Wake Properties Prediction by means of machine learning algorithms

Lead Research Organisation: University of Strathclyde
Department Name: Electronic and Electrical Engineering


Wind power has become the most successful renewable energy and represents the second-largest power generation capacity (175 GW) in Europe after natural gas. At the end of 2019, there was an installed accumulative wind power capacity in the UK of 23,513 MW of wind power, generating more than 50 TWh of energy.
Wake steering is a control strategy that can increase wind farm performance. There are multiple recent and ongoing studies, showing that yawing upwind turbines can deliver more power for the downwind turbines due to reduction of wake deficits. Similar effect can potentially be achieved using derating of upwind turbines, or by a combination of yaw control and derating.
In order to robustly apply wake steering or wind turbine derating, it is necessary to know whether the turbine is actually experiencing any detrimental wake effects and the relative location of the wake disturbance so that appropriate control action can be carried out.
There are multiple examples of how wake characteristics have been identified using nacelle-mounted lidars and other remote sensing technologies. The results are promising however they require additional devices (lidars) which increase cost and complexity if it were to be installed on each turbine. Further issues are relatively low data availability and the requirements for data processing. Furthermore it would be preferable for prediction can be carried out with standard sensor setups.
Wind inflow conditions such as wind shear and yaw misalignment have been successfully characterized with turbine-mounted sensors, e.g. strain gages, supplemented with accelerometer data and SCADA signals such as rpm and power. Since the wind profiles caused by wake deficits represent somewhat similar phenomena to wind shear and other variations of wind speed and turbulence over the rotor, it is expected that wake effects will cause similar variations in the load harmonics.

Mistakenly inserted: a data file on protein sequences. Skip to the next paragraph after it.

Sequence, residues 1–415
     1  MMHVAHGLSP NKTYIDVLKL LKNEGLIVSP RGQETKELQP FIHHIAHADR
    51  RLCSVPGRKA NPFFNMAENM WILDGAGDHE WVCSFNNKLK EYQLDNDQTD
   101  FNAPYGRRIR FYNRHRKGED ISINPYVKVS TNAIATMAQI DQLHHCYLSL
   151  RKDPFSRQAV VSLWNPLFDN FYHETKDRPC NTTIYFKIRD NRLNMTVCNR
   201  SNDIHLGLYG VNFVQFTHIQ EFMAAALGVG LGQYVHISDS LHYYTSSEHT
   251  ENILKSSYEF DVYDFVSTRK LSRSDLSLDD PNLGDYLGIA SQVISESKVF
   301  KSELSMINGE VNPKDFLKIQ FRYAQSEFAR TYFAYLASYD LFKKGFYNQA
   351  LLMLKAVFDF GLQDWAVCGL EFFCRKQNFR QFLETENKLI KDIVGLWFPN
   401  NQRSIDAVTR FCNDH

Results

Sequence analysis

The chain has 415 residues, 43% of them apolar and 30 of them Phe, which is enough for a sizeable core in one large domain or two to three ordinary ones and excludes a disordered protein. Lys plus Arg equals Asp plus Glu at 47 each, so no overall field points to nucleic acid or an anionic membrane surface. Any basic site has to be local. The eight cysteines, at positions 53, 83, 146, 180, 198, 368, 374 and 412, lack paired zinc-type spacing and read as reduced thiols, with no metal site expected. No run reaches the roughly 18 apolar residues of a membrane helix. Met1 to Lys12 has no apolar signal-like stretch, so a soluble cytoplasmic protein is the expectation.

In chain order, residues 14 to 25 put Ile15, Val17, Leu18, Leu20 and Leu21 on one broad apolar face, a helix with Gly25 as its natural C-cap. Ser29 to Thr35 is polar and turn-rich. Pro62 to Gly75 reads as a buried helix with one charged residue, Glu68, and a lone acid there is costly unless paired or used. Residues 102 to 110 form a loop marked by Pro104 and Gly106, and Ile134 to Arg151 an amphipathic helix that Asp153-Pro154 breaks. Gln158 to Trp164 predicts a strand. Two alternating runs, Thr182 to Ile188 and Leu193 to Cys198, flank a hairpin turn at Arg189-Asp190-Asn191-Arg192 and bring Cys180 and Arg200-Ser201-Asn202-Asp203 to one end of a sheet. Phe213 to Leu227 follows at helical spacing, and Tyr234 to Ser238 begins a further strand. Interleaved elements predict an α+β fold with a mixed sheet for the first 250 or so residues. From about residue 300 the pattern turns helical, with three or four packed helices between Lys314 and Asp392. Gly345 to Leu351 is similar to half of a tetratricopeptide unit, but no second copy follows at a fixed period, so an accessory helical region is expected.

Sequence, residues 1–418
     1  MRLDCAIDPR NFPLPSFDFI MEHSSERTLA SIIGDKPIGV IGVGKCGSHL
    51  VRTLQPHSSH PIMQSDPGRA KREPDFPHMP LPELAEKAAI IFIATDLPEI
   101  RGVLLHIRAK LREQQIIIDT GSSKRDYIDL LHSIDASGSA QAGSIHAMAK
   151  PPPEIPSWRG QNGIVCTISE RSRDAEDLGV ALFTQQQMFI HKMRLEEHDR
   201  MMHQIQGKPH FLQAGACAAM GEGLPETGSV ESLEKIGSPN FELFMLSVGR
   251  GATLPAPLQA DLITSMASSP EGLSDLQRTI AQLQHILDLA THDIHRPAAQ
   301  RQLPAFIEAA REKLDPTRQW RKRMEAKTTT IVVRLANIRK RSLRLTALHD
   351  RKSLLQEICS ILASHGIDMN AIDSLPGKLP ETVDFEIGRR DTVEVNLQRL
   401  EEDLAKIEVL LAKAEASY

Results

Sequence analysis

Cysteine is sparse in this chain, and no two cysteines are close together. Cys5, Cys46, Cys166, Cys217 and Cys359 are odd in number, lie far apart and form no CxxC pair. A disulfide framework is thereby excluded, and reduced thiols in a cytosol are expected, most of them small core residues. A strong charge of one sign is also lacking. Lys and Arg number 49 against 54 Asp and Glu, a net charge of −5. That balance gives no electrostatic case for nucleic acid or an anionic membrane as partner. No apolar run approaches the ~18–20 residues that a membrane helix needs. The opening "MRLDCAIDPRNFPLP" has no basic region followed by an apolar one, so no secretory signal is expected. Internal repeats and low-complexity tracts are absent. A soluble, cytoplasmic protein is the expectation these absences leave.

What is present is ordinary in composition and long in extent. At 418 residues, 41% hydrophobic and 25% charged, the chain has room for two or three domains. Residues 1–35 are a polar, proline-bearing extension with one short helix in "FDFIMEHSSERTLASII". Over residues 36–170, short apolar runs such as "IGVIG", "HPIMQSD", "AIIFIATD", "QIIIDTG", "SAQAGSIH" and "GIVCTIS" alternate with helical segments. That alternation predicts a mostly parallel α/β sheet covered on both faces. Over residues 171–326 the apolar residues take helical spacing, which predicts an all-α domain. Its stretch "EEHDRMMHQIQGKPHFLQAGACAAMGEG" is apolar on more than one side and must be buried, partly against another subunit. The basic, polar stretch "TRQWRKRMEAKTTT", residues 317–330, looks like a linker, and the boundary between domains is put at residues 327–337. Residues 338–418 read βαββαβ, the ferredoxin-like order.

Machine learning has been successfully applied for various modelling and detection purposes in wind turbines, with the greatest focus by far being power output prediction and detection of faults. For wake properties prediction, the problem is similar to fault detection since patterns in the signal need to be identified and evaluated as to whether or not they are consistent with normal behavior. Machine Learning is, thus, expected to be the best approach for achieving automated wake properties prediction based on load signals.
The main goal of the project is to devise a method for wind turbine wake properties prediction based on the use of measurement signals from the turbine affected by the wake. The wake properties prediction capability will enable controlling individual wind turbines to maximize wind farm performance. This is achieved through the following specific objectives:
- Devise a Machine Learning-based wake properties prediction algorithm using numerical simulations of wake conditions and wind turbine dynamics
- Analyze feature importance so that relevant inputs are understood and included; additionally dimensionality may be reduced based on individual input contribution to a more accurate prediction. Furthermore understand which inputs are available across turbine fleet, and reflect on these configuration and evaluate in relation to considered models. Carry out field validation of the prediction method by comparison with other prediction capabilities such as nacelle-mounted lidars
- Suggest a control scheme to utilize the wake properties prediction information for improving wind farm performance


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Studentship Projects

Project Reference Relationship Related To Start End Student Name
EP/W522260/1 30/09/2021 29/09/2026
2855649 Studentship EP/W522260/1 01/12/2022 30/11/2026